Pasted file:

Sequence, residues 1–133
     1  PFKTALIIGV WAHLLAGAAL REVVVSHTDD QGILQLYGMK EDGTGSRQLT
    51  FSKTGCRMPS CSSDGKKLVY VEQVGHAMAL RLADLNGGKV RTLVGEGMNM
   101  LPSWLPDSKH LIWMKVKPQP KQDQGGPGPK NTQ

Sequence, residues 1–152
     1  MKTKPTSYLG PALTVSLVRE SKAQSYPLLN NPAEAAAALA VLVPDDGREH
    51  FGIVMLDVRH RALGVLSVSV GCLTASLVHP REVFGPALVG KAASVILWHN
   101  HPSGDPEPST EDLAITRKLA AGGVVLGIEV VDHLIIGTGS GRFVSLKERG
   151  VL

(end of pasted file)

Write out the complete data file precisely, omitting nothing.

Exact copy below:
Sequence, residues 1–133
     1  PFKTALIIGV WAHLLAGAAL REVVVSHTDD QGILQLYGMK EDGTGSRQLT
    51  FSKTGCRMPS CSSDGKKLVY VEQVGHAMAL RLADLNGGKV RTLVGEGMNM
   101  LPSWLPDSKH LIWMKVKPQP KQDQGGPGPK NTQ

Sequence, residues 1–152
     1  MKTKPTSYLG PALTVSLVRE SKAQSYPLLN NPAEAAAALA VLVPDDGREH
    51  FGIVMLDVRH RALGVLSVSV GCLTASLVHP REVFGPALVG KAASVILWHN
   101  HPSGDPEPST EDLAITRKLA AGGVVLGIEV VDHLIIGTGS GRFVSLKERG
   151  VL